Comments to Prof. Jaakko G. Borg's book:
Drive Emotions and Color Preferences: Szondi´s Personality Theory in the Year 2004.
In this book he describes the further development of his BEL (Borg-Ekman-Lüscher) color test. On page 88 of this book he states:
If Lüscher's eight color series is run twice, as Lüscher himself recommends, a summing of the results of the two runs will produce figures fully comparable with those from the BEL.
Reading this statement I became enthusiastic, as Borg´s extended studies in the year 2000 [Szondi’s Personality Theory in the Year 2000] had already shown a correlation between Szondi's factors and Lüscher's colors. If these were correct it would mean that, in addition to the basic Lüscher interpretation, one could apply much of the collected knowledge already presented by Szondi's research. This meant an immense increase of potential valuable information, based on only 12 minutes testing!
It looked, moreover, that Freud´s famous metaphor of "The Shattered Crystal Theory," (1936 in Die Zersetzung der Persönlichkeit) without great theoretical problems even might apply to the Lüscher test. Lüscher's eight colors might be interpreted from the same theoretical outlook as he applied it to the eight Szondi factors.
After this short theoretical introduction follow herewith some of the terms Borg and Lüscher had in common:
1. a). Autonomous, (Field independent. A law onto Oneself.) Authoritarian, Directive. +2 +3 Green and Red. (Centripetal [concentric] movement toward the self [green] - centrifugal [ex-centric] movement outward from the Self [red]) or Major (Sexual Index, subjective experienced Masculinity).* [See explanations of terms in End Note.]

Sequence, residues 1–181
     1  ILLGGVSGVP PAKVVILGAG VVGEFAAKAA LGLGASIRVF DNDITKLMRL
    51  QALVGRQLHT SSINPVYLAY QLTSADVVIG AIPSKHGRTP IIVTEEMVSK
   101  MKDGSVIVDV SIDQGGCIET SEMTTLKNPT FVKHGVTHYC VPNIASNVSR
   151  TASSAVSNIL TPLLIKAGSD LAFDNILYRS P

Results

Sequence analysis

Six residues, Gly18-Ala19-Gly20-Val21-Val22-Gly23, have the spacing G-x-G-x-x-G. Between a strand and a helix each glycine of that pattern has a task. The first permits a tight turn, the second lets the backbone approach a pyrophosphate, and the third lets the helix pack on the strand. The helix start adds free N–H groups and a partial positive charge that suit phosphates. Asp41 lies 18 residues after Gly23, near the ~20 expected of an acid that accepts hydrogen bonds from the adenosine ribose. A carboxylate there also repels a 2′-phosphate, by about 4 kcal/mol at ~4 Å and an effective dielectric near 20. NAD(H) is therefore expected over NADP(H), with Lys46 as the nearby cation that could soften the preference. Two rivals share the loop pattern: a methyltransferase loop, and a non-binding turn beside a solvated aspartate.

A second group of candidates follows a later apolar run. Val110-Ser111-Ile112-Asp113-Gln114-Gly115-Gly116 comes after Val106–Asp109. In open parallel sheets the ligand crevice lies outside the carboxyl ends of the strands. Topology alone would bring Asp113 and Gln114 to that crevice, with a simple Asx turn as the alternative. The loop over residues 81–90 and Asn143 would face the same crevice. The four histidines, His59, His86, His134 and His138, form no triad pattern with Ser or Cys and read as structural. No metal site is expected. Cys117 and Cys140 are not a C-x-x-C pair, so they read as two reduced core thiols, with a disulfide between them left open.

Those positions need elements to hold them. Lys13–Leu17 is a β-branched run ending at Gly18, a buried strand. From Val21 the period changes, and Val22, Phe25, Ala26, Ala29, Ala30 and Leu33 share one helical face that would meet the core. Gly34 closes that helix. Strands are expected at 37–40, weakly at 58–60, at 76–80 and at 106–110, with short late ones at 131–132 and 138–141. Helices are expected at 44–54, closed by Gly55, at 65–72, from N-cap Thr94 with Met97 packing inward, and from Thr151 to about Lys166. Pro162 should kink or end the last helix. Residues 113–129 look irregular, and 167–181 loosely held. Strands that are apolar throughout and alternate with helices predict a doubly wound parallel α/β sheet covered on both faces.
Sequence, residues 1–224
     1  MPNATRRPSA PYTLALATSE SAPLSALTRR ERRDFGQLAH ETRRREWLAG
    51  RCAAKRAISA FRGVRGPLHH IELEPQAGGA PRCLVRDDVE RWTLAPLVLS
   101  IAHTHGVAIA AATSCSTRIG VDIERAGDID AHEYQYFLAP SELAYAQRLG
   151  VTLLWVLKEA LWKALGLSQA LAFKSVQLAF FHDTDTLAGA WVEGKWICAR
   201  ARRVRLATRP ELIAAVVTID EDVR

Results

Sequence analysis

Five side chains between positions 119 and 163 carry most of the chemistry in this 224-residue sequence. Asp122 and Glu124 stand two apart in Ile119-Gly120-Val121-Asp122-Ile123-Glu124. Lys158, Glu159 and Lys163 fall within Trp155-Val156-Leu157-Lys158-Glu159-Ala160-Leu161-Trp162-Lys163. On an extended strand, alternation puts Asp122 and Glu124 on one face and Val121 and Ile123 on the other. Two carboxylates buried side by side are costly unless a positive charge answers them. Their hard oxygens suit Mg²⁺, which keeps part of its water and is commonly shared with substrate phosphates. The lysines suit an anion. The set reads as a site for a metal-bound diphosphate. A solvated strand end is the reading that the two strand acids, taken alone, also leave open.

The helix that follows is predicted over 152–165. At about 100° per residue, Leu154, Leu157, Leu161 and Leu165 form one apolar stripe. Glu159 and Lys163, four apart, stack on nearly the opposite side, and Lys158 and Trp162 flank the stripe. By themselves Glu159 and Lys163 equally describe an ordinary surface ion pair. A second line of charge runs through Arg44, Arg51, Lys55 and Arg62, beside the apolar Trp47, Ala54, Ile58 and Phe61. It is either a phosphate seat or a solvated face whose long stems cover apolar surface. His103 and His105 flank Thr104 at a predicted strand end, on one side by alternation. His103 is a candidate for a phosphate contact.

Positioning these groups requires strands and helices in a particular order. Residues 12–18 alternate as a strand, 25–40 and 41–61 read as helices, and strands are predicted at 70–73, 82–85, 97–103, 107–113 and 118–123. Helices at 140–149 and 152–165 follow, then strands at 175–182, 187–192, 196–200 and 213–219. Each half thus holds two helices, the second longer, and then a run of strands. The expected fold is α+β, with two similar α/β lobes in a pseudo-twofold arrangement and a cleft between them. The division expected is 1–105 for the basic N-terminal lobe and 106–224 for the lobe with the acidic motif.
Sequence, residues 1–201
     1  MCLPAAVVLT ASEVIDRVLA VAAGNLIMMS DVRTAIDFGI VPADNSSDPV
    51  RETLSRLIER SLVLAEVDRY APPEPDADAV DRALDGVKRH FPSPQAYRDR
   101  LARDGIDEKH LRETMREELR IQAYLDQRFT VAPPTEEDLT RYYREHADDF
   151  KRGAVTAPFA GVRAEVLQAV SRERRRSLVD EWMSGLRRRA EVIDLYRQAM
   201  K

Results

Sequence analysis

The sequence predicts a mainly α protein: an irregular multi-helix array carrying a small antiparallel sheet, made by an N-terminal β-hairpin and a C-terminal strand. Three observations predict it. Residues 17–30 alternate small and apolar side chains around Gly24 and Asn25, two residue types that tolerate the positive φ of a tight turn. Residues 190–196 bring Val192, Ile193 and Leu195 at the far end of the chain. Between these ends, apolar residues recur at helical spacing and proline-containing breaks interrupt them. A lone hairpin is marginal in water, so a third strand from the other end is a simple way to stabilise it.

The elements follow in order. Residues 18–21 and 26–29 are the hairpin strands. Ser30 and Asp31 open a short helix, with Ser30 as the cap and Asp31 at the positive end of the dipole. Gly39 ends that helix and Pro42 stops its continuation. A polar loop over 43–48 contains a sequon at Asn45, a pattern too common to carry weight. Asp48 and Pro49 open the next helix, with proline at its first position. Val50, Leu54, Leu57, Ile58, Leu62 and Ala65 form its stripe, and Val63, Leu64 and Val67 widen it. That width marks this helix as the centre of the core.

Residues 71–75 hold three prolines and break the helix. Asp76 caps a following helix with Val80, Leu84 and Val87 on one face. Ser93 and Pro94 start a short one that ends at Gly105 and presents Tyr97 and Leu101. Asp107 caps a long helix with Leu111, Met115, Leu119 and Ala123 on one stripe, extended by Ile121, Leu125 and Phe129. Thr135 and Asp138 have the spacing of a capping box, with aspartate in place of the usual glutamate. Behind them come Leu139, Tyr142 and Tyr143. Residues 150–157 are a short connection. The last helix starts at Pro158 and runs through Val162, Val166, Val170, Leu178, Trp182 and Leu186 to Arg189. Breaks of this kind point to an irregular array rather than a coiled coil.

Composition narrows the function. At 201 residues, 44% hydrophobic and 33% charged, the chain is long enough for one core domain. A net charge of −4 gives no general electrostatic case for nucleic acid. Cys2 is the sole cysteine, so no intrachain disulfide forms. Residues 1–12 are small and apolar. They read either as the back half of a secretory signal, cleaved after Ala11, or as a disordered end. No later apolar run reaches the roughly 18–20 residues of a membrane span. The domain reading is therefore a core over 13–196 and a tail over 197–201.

1. b). Heteronomous, (Field depending. Subject to Another’s law). Receptive, +1 + 4 Blue and Yellow (Centripetal [concentric] movement toward the Self, the centre [blue] - centrifugal [ex-centric] movement outward from the Self [yellow]. Suggestible. Minor (Sexual Index, subjective experienced Femininity). Note: “minor-tonality individuals seek personal feedback, even to the point of dependency.”* [See explanations of terms in End Note.]
2a) Integration (sociability) +1 + 3 (Blue and Red) versus
2b) Differentiation. +2 +4 (Green and Yellow) was another valuable factor one could find in Lüscher’s classification.
With these qualities in mind, and especially based on the interrelation of the four basic colors, one can easily draw important conclusions: for example, to indicate to which “potential psychiatric class” the client might belong. But of course this presupposes a thorough knowledge of the significance of the colors.
The Phenomenal Modes of Experiencing Colors:
Prof. Borg explained them in the following way [Borg, 2004, pp. 74-78]:
Lü. 3. Red
As a color experience red is inherently centrifugal. Lüscher also characterizes it as autonomous, independent, self-sufficient.
"Preference for red indicates a desire for activation in general, on the one hand in the erotic direction, but also, depending on the situation, in the direction of aggression." "A subject who is himself forceful, vital, energetic -- and thus has the self-confidence red presupposes -- will incline to red; one who is weak and encounters something powerful will experience red as threatening" (Lüscher 1974, p. 6).
(+3) = Attraction (Hinwendung); "A desire for experiences, a craving for stimuli" (Lüscher 1974, p. 45); autonomy, centrifugality.* [See explanation of terms in End Note.]
(-3) = Rejection (Gegenwendung); "Fear of excessive stimulation, excessive demands, exhaustion (Ibid. p. 45); contrary to the foregoing this is negation of centrifugality, which means centripetality. Autonomy is lacking and feared; hence a tendency to heteronomy, especially if blue is placed first.* [See explanations of terms in End Note.]
Lü. 4. Yellow